Based on that, the FBI get a warrant to raid your home on the day of the barbeque, and in they swoop, charging you with possession with intent to distribute. That's a felony.

"What gives you the right to storm into my back yard?" you ask. The FBI agent presents you with the warrant, and its affidavit, and you see that they've been wiretapping you. "What gives you the right to spy on my phone calls?" you demand.

"We have a FISA warrant," the agent answers. And off you go to trial.

At trial, your attorney moves to exclude the search warrant that let them into your backyard, on grounds that you're not a terrorist, there is no conceivable evidence to suggest otherwise, thus no FISA warrant should have been issued, thus the wiretap is illegal, and all information gained from it is "fruit of the poisoned tree." But there's a problem:

Not even your trial judge can see the FISA affidavit. It is classified, "sources and methods" information. The prosecutor can show the judge that a FISA warrant was indeed issued, but that's as far as it goes.

Because you can't see the factual allegations underlying the FISA warrant - not even the trial judge can see that - you cannot challenge the validity of that warrant. It's not reviewable. Not at trial. Not on appeal. Not ever.""""""

Heh. Note the well-placed pot reference: a deception tactic, and what I term the "bogus hypothetical" fallacy, typical of many Kossacks (and paranoiacs, links und rechts. Some call it the "what if" fallacy, and it's similar to "ignorantia elenchi" pseudo-arguments). Yes, the FBI, now armed with FISA, and the PatAct, will be cracking down on some suburban pot smokers, as well as Al Qaeda! Pure hyperbole. The point was that given extreme circumstances (i.e. muslim terrorism), some tweaking of the 4th might be justifiable, and the Dems agreed to that, as RF Kennedy had agreed to similar bendings of the rules back in the 50s (and one needn't love Annie Coulter to know that American leftists did tend to ignore the real dangers of Stalinism).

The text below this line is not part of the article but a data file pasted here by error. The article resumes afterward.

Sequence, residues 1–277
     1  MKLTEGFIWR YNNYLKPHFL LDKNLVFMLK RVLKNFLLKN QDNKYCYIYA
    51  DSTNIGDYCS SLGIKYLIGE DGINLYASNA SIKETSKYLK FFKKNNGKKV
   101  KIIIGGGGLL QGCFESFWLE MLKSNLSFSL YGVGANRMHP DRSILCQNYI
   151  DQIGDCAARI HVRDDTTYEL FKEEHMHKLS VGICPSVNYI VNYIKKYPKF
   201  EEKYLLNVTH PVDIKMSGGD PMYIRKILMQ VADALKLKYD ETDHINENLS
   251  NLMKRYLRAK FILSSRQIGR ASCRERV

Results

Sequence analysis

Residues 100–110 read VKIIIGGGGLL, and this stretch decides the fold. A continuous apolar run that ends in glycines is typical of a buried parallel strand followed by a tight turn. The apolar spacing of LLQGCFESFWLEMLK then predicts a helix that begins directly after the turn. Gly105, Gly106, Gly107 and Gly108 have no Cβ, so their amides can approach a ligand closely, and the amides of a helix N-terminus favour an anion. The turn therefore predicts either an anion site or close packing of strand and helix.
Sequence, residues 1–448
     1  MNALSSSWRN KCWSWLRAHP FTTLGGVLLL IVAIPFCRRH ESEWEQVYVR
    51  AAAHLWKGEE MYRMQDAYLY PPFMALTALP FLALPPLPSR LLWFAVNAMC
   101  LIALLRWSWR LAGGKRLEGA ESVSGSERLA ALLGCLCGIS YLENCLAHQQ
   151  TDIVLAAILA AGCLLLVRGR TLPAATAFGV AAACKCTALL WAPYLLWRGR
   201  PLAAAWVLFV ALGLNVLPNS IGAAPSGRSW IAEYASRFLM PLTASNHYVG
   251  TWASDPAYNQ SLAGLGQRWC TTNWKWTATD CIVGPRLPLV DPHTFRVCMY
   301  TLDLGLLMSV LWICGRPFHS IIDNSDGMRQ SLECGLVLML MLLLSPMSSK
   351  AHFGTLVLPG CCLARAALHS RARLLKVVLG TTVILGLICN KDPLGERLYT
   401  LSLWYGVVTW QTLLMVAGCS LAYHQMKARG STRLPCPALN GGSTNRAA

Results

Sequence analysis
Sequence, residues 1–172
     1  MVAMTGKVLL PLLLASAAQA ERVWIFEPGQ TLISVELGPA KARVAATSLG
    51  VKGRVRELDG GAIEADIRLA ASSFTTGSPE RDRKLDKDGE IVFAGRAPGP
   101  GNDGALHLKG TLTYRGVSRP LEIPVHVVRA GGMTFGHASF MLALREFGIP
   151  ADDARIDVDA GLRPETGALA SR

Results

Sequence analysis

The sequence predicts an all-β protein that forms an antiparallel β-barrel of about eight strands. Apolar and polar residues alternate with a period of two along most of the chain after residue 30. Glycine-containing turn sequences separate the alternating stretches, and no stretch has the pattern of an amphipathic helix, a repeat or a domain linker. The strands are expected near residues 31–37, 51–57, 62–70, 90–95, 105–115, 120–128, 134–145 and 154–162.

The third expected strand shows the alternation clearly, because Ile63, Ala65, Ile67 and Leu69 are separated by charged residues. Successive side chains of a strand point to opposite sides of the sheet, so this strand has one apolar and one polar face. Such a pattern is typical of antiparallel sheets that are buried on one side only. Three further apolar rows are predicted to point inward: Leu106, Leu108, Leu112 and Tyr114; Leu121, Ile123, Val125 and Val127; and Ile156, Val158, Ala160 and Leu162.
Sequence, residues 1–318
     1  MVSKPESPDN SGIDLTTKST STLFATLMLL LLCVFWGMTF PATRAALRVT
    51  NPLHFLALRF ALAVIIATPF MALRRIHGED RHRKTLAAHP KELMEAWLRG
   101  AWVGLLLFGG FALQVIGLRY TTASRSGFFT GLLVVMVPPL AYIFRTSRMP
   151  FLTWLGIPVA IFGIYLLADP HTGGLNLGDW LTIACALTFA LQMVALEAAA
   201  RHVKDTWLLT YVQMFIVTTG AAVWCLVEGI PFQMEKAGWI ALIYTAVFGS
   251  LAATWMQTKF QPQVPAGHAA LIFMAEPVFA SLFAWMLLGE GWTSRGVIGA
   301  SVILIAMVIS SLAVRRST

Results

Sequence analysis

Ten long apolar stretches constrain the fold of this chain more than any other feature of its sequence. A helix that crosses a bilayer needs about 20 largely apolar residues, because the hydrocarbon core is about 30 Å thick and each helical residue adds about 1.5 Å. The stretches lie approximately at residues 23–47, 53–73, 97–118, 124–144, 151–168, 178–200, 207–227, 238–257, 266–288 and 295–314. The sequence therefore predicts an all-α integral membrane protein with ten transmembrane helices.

The rousing rendition of the "4th Chant" in regards to the Patriot Act thus seems rather ironic if not pathetic. DailyKOS has a reputation for a sort of moderate leftism, and it was moderate leftists (Hillary, Pelosi, Kerry, Feinstein, etc etc) who joined forces with the GOP and supported the PatAct (and have continued to do so): FISA’s a Dem policy (brought about under James Carter, that snakey baptist do-gooder), hardly less J-Edgarish than Nixonism. Kid Obama hisself voted to reauthorize the Patriot Act.

We will grant this person is not entirely misguided. The PatAct sort of snooping does perhaps endanger liberty, as do warrantless searches (which we should reject). Moreover, when the authori-tays charge an ordinary citizen with a crime, he should know what the charges consist of, and what the evidence consists of, and what the warrant was based upon. Yet Al Qaeda and many terrorists are not ordinary citizens. The FISA warrants are used with suspected foreign criminals, not US citizens, unless they have some odd connection to the foreign suspects (and foreigners do not have same rights under 4th either--a point lost on the Sally Fields Union). Moreover precedent exists (as the Kossack legal-beagle should realize) for this type of scenario: when the Feds get a wiretap to bust the mafia for transportation of heroin or whores, and hear them plotting (or reminiscing about) the deaths of their rivals, they can move on the murder case[s].

Those of us who respect the 4th may not care for that, but better preventing brutal crimes and death via a bit of Constitution-tweaking--even snooping--instead of ranting about precious liberties while Sendero Luminoso or the Hezbollah or Doomsday baptists move in next door and start to plan for the revolution of the proletariat (or jihad, or rapture). There's no 4th Amendment in North Korea or Nigeria: be assured of that.